1. Use high-quality images. Make sure they’re well-composed and in focus.
  2. Go for taller Pins. Vertically-oriented Pins look better on mobile screens.
  3. Pins with multiple images can work well for Pinners looking for how- tos, but keep it to 4 images or fewer so it doesn’t look too crowded.
  4. Minimize the amount of text on an image. Make sure it’s easy to read on mobile screens.
Words are important, too. Pinterest noted that each Pin should have a description that gives context. They should be positive, helping people picture what they could do with the product while providing more information.

You should also use Rich Pins when possible, so useful details stay on the Pin as it gets repinned. With Rich Pins, people will automatically see key information such as price, availability, ingredients and location. All you need to do is add some meta tags to your website.

Consider Pinterest SEO

Without a proper description, your awesome Pin may never be seen. Consider the way people search on Pinterest when writing Pin copy.

Here’s how you should optimize your copy for Pinterest search:
Think about what people who are looking at a certain Pin might have searched for. Was it a sweater, or was it an argyle sweater? A blue sweater or a cashmere sweater? Mention the most compelling and distinct parts of the Pin in your description, and your Pins are more likely to surface when people get specific in searches.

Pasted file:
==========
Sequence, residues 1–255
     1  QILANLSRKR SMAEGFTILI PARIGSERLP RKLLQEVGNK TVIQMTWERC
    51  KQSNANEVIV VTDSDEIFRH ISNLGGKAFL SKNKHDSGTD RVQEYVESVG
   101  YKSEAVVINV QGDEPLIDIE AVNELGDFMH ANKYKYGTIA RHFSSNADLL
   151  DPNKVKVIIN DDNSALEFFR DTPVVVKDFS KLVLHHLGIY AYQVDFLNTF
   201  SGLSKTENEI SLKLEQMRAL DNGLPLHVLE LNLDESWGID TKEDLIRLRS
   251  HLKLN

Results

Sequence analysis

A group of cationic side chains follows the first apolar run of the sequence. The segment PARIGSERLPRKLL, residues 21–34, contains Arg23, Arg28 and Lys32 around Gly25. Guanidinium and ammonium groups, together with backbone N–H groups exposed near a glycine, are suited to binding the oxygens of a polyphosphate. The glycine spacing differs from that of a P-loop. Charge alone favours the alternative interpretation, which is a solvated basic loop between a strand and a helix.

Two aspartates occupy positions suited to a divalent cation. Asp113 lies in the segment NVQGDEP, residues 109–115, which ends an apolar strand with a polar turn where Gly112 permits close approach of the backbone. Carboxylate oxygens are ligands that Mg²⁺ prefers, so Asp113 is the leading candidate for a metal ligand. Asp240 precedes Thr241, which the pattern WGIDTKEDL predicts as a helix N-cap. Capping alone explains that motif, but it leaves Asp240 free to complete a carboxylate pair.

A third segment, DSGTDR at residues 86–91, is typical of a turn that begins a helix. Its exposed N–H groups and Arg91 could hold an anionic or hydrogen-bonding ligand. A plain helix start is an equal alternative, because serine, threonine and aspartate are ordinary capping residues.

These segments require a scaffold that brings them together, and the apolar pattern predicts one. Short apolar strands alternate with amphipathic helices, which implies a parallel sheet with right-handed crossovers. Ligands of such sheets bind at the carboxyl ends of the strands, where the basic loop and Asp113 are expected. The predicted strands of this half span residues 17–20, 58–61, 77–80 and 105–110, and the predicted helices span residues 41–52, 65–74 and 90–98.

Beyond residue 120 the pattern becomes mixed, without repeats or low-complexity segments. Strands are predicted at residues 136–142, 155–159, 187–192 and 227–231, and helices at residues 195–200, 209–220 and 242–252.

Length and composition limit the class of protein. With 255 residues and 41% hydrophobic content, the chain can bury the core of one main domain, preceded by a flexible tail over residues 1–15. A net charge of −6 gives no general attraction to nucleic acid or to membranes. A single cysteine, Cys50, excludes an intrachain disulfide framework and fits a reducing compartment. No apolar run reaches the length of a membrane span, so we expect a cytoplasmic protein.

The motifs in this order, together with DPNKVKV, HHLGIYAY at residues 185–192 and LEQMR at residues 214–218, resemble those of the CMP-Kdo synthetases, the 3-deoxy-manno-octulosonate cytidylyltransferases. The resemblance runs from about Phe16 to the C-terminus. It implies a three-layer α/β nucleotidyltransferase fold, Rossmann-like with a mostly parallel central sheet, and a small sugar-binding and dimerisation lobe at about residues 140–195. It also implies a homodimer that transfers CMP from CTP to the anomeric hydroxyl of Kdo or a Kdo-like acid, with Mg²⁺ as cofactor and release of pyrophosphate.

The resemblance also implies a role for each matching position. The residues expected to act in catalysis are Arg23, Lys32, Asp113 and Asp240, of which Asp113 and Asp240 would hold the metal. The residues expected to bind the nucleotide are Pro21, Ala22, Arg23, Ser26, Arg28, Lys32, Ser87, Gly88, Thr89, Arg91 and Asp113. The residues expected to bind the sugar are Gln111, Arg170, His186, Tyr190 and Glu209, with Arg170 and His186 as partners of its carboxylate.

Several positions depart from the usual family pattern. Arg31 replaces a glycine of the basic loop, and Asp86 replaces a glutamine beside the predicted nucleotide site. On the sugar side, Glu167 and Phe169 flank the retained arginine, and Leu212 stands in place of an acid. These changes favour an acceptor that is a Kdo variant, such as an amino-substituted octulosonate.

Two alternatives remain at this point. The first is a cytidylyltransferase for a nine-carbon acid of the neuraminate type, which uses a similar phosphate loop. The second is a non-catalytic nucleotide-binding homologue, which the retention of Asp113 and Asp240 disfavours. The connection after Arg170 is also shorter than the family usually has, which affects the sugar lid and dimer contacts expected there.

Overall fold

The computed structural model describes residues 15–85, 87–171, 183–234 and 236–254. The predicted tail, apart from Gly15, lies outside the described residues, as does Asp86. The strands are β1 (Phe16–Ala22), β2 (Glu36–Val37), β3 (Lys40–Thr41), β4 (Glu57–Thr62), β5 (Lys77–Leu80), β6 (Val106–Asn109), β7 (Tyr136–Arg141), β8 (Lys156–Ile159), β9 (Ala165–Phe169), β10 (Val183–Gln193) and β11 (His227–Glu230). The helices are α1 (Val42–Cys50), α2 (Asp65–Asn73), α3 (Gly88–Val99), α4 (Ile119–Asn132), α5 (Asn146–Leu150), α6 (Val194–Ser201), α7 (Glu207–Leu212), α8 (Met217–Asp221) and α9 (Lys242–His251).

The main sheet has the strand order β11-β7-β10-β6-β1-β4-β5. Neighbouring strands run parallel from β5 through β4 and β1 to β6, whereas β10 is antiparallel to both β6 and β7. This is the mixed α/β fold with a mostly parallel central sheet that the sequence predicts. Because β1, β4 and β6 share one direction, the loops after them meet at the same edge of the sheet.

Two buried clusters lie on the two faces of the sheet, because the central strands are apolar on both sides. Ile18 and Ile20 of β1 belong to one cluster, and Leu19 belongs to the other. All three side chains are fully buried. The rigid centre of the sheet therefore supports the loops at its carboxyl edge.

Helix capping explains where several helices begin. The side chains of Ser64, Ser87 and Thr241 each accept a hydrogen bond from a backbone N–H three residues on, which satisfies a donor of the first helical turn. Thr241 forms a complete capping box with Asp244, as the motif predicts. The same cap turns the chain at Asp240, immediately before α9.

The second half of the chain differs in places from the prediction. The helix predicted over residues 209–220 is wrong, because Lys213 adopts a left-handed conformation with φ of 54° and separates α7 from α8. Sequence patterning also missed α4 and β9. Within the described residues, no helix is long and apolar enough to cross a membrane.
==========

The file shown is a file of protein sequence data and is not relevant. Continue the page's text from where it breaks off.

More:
However, don’t just add a million hashtags and keywords. Pinterest recommends using the right search words, not just the most.

Optimize your website

Pinterest notes that your website may already be full of Pinnable content. The site recommends images that are at least 600 pixels wide, keeping in mind that only images that are at least 100 x 200 (or 200 x 100) pixels are able to be Pinned.

A Pin It button on the website will make it easy for people to add Pins from your website, Pinterest suggested:
A Pin It button makes it easy for people to add Pins from your website. By copying and pasting just a few lines of code, you can put Pin It buttons on top of or next to images and content you want people to Pin. Pinners will do the rest!

Article courtesy of SocialTimes)

Don't like social networking? Why you need to change your thinking.

Thursday, March 12, 2015

Image source:
I often hear from clients "I don't do social networks" or "I don't get that social stuff - everyone is obsessed with it". Five years ago, that probably would have been fine. However, if you have a business today, it's almost imperitive.